Crystal structures of the recombinant kringle 1 domain of human plasminogen in complexes with the ligands epsilon-aminocaproic acid and trans-4-(aminomethyl)cyclohexane-1-carboxylic Acid.Mathews, I.I., Vanderhoff-Hanaver, P., Castellino, F.J., Tulinsky, A.
(1996) Biochemistry 35: 2567-2576
- PubMed: 8611560
- DOI: 10.1021/bi9521351
- Structures With Same Primary Citation
- PubMed Abstract:
- 1H-NMR Assignments and Secondary Structure of Human Plasminogen Kringle 1
Rejante, M.R., Llinas, M.
(1994) Eur J Biochem 221: 939
- The Structure of Recombinant Plasminogen Kringle 1 and the Fibrin Binding Site
Wu, T.-P., Padmanabhan, K.P., Tulinsky, A.
(1994) Blood Coagul Fibrinolysis 5: 157
- Lysine(Slash)Fibrin Binding Sites of Kringles Modeled After the Structure of Kringle 1 of Prothrombin
Tulinsky, A., Park, C.H., Mao, B., Llinas, M.
(1988) Proteins 3: 85
The X-ray crystal structures of the complexes of the recombinant kringle 1 domain of human plasminogen (Klpg) with the ligands epsilon-aminocaproic acid (EACA) and trans-4-(aminomethyl)cyclohexane-1-carboxylic acid (AMCHA), which are representative o ...
The X-ray crystal structures of the complexes of the recombinant kringle 1 domain of human plasminogen (Klpg) with the ligands epsilon-aminocaproic acid (EACA) and trans-4-(aminomethyl)cyclohexane-1-carboxylic acid (AMCHA), which are representative of a class of in vivo antifibrinolytic agents, have been determined at 2.1 angstroms resolution. Each Klpg/ligand unit cell contained a dimer of the complexes, and some small differences were noted in the kringle/ligand interatomic distances within the monomeric components of the dimers. The structures obtained allowed predictions to be made of the amino acid residues of Klpg that are likely important to ligand binding. In the crystal structure, the anionic center of Klpg responsible for coordinating the amino group of the ligands is composed of both Asp54 and Asp56, and the cationic center that stabilizes binding of the carboxylate moiety of the ligands is Arg70, with a possible contribution from Arg34. A hydrogen bond between the carboxylate of the ligand to the hydroxyl group of Tyr63 also appears to contribute to the kringle/ligand binding energies. The methylene groups of the ligand are stablized in the binding pocket by van der Waals contacts with side-chain atoms of Trp61 and Tyr71. These conclusions are in general agreement with site-directed mutagenesis results that implicate many of the same amino acid residues in the binding process, thus showing that the crystal and solution structures are in basic accord with each other. Further comparisons of the X-ray crystal structures of the Klpg/ligand complexes with each other and with apo-Klpg show that while small differences in Klpg side-chain geometries may exist in the three structures, the binding pocket can be considered to be preformed in the apokringle and not substantially altered by the nature of the omega-amino acid ligand that is inserted into the site. From the similar geometries of the binding of EACA and AMCHA, it appears that the kon is an important component to the tighter binding of AMCHA to Klpg, as compared to EACA. Ordered solvation effects of the bound AMCHA may contribute to its longer lifetime on Klpg, thereby retarding koff, both effects thus accounting for the higher binding energy of AMCHA as compared to EACA.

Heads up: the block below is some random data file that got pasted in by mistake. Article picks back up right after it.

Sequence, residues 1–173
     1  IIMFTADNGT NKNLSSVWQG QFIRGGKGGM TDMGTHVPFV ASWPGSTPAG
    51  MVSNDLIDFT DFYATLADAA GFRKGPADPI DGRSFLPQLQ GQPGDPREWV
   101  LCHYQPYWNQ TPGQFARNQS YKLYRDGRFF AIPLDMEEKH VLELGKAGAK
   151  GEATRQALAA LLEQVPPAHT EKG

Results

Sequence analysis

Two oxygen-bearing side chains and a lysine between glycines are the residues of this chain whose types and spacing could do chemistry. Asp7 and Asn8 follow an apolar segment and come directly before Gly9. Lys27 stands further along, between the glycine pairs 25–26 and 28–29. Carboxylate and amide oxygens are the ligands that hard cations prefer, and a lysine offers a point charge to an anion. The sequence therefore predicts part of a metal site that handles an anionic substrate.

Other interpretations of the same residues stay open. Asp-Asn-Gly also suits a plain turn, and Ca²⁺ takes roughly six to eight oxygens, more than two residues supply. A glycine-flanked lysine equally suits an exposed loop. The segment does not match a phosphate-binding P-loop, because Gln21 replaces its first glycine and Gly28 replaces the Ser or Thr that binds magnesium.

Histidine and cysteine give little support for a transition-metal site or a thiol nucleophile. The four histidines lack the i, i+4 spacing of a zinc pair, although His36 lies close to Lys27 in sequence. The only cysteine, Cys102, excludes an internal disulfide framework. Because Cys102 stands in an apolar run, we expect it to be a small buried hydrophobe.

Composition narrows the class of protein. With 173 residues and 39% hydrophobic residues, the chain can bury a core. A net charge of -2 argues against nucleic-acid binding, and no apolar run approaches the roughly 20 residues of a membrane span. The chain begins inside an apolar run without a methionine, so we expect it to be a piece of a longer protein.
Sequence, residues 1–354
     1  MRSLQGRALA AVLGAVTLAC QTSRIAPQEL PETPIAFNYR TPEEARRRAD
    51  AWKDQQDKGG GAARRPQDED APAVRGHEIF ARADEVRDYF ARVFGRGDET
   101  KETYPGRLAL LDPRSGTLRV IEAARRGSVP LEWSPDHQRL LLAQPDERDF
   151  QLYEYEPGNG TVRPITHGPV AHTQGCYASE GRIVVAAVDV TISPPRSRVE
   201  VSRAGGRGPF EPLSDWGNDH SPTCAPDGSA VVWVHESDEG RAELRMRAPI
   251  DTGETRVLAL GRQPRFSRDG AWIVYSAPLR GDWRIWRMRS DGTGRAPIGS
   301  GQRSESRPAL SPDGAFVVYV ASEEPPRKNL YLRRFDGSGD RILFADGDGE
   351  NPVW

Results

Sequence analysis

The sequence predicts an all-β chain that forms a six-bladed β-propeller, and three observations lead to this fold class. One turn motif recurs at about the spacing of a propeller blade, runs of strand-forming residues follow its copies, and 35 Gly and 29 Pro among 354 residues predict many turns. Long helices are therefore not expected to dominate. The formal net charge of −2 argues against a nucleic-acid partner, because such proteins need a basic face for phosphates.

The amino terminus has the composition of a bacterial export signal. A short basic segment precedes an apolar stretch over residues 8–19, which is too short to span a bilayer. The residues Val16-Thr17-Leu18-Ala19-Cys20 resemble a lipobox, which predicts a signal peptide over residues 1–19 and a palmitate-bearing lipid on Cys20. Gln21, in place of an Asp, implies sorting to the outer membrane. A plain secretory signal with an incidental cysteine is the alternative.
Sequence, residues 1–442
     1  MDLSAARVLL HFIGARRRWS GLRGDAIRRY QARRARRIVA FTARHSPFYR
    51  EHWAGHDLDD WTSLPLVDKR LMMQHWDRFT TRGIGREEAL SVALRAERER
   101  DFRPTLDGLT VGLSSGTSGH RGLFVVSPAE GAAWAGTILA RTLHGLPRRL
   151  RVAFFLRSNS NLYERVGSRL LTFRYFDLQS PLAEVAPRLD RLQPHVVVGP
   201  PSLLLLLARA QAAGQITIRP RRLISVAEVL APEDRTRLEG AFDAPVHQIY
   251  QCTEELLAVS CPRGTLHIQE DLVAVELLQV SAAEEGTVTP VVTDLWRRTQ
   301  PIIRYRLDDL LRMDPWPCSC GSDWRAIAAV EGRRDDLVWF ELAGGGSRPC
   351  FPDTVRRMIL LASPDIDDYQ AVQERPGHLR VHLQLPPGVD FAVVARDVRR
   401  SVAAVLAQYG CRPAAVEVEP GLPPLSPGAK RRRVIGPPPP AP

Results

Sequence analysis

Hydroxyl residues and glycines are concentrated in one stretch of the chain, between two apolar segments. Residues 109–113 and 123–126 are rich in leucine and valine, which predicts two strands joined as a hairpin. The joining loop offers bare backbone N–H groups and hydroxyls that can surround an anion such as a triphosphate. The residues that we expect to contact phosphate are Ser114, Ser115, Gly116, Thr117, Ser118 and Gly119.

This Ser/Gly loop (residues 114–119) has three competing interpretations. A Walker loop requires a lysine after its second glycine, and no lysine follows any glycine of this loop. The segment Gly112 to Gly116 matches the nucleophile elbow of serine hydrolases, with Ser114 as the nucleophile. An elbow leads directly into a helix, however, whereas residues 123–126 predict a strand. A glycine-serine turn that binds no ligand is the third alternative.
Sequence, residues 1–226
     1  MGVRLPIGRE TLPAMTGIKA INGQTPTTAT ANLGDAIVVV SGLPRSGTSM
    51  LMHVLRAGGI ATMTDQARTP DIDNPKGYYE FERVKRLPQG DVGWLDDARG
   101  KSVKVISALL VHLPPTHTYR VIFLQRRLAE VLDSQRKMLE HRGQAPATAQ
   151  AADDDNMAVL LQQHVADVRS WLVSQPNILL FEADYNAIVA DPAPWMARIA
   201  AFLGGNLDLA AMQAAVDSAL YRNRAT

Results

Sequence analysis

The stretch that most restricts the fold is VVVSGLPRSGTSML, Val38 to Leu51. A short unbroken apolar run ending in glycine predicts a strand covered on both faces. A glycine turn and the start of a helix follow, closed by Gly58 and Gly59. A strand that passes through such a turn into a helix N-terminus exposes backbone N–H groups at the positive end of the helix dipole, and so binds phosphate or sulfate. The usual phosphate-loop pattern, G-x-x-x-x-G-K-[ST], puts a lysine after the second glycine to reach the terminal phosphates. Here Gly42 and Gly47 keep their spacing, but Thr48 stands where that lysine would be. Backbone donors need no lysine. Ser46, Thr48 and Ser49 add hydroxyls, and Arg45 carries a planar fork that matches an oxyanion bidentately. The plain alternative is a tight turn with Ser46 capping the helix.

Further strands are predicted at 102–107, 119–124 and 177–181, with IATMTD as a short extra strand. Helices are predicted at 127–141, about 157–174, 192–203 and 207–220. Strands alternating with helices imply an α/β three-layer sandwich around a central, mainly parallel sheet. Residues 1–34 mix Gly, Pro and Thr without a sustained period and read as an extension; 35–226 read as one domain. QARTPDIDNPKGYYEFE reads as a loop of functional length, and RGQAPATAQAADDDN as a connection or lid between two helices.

Department of Chemistry, Michigan State University, East Lansing, Michigan 48824, USA.